November 16, 2007 in City

Fuhrman show goes off the air

By The Spokesman-Review
 
The Spokesman-Review photo

Fuhrman
(Full-size photo)

One of Spokane’s few talk-radio programs, “The Mark Fuhrman Show” on KGA-AM (1510), went off the air Thursday.

Fuhrman and Rebecca Mack, the co-host and producer, said they were dismissed by station management Wednesday. A California radio conglomerate, Mapleton Communications, is buying KGA-AM from Citadel Broadcasting Corp.

“They said our show just wasn’t part of the buy,” Fuhrman said. “Obviously, it became a condition of the sale.”

Mack said management cited the show’s “failure to monetize” – i.e., make enough money – as one reason for the decision.

A call to KGA-AM’s general manager was not returned.

“If it was money, we’re not knocking down Fort Knox when our checks are paid,” said Fuhrman.

Mack said that live local programming can be expensive when compared with the alternative: nationally syndicated shows.

Fuhrman said his show ranked third in the ratings for talk shows in its time slot among its target audience because it was up against national hosts Rush Limbaugh and Dennis Miller.

Yet he said his show was essentially the only talk show in Spokane that “hit hard on the issues.”

“I think it’s very regrettable to the community,” said Mack. “Hate us or love us, we tried to keep the pot stirred and keep the community informed and engaged.”

“If it (information) comes to me, there’s only one way I can tell it,” said Fuhrman. “People highly influential in Spokane are apparently not comfortable with that attitude.”

Fuhrman, the former L.A. police detective known for his role in the O.J. Simpson murder trial, began his talk show in 1999 on KXLY-AM. The show was canceled in 2004 and was picked up shortly afterward by KGA-AM.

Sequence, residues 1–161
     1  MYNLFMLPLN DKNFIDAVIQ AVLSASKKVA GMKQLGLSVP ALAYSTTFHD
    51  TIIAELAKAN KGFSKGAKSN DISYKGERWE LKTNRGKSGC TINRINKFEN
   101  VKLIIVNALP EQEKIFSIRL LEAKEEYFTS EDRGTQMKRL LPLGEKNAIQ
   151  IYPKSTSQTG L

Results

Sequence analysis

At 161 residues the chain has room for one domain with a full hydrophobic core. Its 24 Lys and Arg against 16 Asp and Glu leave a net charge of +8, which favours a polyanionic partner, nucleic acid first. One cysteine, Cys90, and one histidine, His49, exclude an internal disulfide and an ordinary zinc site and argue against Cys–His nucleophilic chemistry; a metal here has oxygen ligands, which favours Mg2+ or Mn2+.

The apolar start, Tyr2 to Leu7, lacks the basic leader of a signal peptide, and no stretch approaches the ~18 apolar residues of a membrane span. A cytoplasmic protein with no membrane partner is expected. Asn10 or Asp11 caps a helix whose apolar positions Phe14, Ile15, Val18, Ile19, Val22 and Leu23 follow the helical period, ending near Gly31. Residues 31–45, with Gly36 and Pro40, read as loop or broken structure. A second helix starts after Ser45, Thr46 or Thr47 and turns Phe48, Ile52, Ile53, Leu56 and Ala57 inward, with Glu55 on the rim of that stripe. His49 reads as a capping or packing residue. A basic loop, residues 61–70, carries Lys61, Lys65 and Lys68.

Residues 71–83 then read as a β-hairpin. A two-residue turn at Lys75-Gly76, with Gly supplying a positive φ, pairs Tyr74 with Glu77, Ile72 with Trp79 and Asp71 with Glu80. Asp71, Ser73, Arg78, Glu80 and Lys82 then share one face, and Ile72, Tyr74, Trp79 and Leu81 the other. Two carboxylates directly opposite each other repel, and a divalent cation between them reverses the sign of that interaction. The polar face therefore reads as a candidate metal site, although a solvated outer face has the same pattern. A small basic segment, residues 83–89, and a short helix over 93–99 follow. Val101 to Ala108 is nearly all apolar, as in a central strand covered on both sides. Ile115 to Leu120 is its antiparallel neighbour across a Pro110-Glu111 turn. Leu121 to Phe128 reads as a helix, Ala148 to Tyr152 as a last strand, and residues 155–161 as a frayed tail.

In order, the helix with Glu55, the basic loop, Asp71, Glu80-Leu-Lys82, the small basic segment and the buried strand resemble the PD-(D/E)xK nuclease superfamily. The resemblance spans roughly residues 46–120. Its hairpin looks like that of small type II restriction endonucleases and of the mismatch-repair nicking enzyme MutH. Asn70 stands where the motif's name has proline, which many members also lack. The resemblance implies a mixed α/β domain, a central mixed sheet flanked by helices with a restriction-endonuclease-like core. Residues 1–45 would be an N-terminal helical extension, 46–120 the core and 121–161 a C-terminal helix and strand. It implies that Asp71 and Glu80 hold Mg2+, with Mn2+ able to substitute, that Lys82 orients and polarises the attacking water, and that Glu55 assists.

Over the years, the show featured talks with and about local politicians. In recent elections, it offered numerous candidate interviews, often with lower-profile candidates who received little media attention, like those running for district court judge.

In recent months the show also has been a forum for critics of the River Park Square parking garage, which is owned by the same company that owns The Spokesman-Review.

Some leaders were consistently criticized by Fuhrman, such as former Sheriff Mark Sterk and former Spokane Valley Police Chief Cal Walker.

A few were consistently praised, especially Sheriff Ozzie Knezovich, who has been a regular guest. Knezovich said the show could be tough on politicians, but usually it was for good reason. “If you didn’t articulate it or you hid behind an issue or tried to hide your true sentiments, he would challenge you,” he said.

But Spokane City Councilman Brad Stark accused the show of spreading untruths.

“I obviously believe they have some pretty big credibility issues, but I harbor no ill will,” he said.

Stark faced an ethics complaint over the summer after he read some of Mack’s notes in the studio before she interviewed him. The Spokane Ethics Commission ruled it didn’t have jurisdiction and tossed out the complaint.

Stark said he hopes the new owners continue local programming that provides “positive, productive and engaging dialogue.”


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